Experts: Pitching Injuries Can Be Avoided

With baseball season underway, orthopedic specialists at Rush University Medical Center in Chicago are urging players, parents and coaches to take precautions against throwing injuries in young pitchers.

"Throwing a baseball is one of the fastest and most violent maneuvers that any joint in the body is subjected to. The violent and rapid motion places numerous structures in the shoulder at risk for injury," cautions Dr. Shane Seroyer, sports medicine fellow at Rush and lead author of a report on pitching injuries published in the latest issue of the journal Sports Health.

"Attention to throwing mechanics and appropriate stretching, strength and conditioning programs may reduce the risk of injury in this highly demanding activity," Seroyer and colleagues note in their report.

Another way to cut the risk of injury to pitchers, especially young pitchers, is to limit the number and types of pitches they throw.

"For pitchers under 14 years old, we encourage fast ball and change-up pitches and discourage the use of a curveball to prevent injury," said Dr. Charles Bush-Joseph, sports medicine specialist at Rush and a co-author of the report said in a prepared statement.

Only when a young pitcher reaches age 14 should he begin throwing a curveball pitch, the authors advise, and it's best to wait until age 17 to begin throwing a slider pitch.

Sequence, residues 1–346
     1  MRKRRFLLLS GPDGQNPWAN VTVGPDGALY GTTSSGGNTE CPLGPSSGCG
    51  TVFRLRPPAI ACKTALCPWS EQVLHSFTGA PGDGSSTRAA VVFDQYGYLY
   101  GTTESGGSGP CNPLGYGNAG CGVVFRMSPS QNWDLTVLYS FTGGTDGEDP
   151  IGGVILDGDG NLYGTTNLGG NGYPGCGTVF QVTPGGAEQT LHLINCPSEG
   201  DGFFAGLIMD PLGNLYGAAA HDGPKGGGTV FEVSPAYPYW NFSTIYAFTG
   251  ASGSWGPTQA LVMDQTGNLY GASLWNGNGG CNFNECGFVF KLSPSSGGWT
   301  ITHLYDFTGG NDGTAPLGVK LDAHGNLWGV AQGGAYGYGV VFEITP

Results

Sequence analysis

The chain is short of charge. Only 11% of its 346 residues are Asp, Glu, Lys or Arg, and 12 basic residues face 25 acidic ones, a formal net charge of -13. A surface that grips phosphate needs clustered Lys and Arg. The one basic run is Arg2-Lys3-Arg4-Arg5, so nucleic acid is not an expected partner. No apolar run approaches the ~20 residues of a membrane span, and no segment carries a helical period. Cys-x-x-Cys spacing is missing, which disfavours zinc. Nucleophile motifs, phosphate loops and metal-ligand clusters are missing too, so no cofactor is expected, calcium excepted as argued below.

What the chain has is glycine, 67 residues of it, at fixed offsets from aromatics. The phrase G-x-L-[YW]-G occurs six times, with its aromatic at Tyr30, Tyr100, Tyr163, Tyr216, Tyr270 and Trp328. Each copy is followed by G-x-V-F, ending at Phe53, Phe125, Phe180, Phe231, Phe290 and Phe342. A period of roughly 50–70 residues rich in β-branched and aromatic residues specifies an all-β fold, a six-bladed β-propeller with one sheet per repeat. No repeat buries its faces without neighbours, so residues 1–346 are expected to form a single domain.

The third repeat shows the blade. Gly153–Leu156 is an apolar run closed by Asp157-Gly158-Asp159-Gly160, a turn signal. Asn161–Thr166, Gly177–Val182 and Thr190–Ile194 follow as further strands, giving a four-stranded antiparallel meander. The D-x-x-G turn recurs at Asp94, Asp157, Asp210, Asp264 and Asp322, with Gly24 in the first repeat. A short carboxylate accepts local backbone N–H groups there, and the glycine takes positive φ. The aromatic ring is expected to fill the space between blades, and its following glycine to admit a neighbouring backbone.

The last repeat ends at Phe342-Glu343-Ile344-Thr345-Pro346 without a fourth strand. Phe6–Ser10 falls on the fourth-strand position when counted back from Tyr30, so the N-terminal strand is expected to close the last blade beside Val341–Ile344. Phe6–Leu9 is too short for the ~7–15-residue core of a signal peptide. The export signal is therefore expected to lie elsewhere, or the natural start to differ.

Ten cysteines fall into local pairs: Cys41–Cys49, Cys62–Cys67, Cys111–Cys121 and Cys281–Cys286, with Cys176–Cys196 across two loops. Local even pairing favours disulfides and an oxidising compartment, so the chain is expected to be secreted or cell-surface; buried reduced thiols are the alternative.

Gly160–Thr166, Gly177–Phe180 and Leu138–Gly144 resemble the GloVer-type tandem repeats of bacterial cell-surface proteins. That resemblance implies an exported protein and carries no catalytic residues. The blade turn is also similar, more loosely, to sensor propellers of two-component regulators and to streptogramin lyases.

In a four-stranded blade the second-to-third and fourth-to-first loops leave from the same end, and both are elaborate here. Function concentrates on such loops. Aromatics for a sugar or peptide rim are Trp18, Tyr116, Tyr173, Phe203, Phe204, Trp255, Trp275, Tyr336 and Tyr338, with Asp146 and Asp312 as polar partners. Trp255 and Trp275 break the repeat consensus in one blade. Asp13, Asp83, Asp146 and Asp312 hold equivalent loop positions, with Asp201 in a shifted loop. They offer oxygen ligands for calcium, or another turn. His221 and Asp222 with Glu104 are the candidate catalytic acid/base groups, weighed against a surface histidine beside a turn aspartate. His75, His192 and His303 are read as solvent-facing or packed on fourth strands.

Nine- and 10-year-old pitchers should throw no more than 50 pitches per game and 75 pitches per week, Seroyer and Bush-Joseph say. Eleven- and 12-year-olds should throw no more than 75 pitches per game and 100 pitches per week. For 13- to 14-year olds, the maximum number should be 75 pitches per game and 125 pitches per week.

Injury or tears to cartilage that surrounds the shoulder joint are among the most common injuries for pitchers and generally result from the cocking and acceleration phases of overhead throwing. Cartilage also wears down with age and overuse.

Damage to the rotator cuff — the group of muscles and their tendons that stabilize the shoulder — can also occur and can lead to tendonitis and muscle tears. Although one specific movement could cause injury to the rotator cuff, this type of injury is often the result of the "wear and tear" from the overhead throwing motion.

Another type of injury seen in baseball pitchers is "impingement" resulting from pressure on the rotator cuff from part of the shoulder blade as the arm is lifted. Impingement can cause local swelling and tenderness in the front of the shoulder, and pain and stiffness may be felt when the arm is lifted or lowered from an elevated position.

Early identification of a pitching injury, or symptoms suggestive of an injury, followed by conservative management with rest and rehabilitation, can help to decrease the need for surgery down the road, Seroyer, Bush-Joseph, and colleagues emphasize.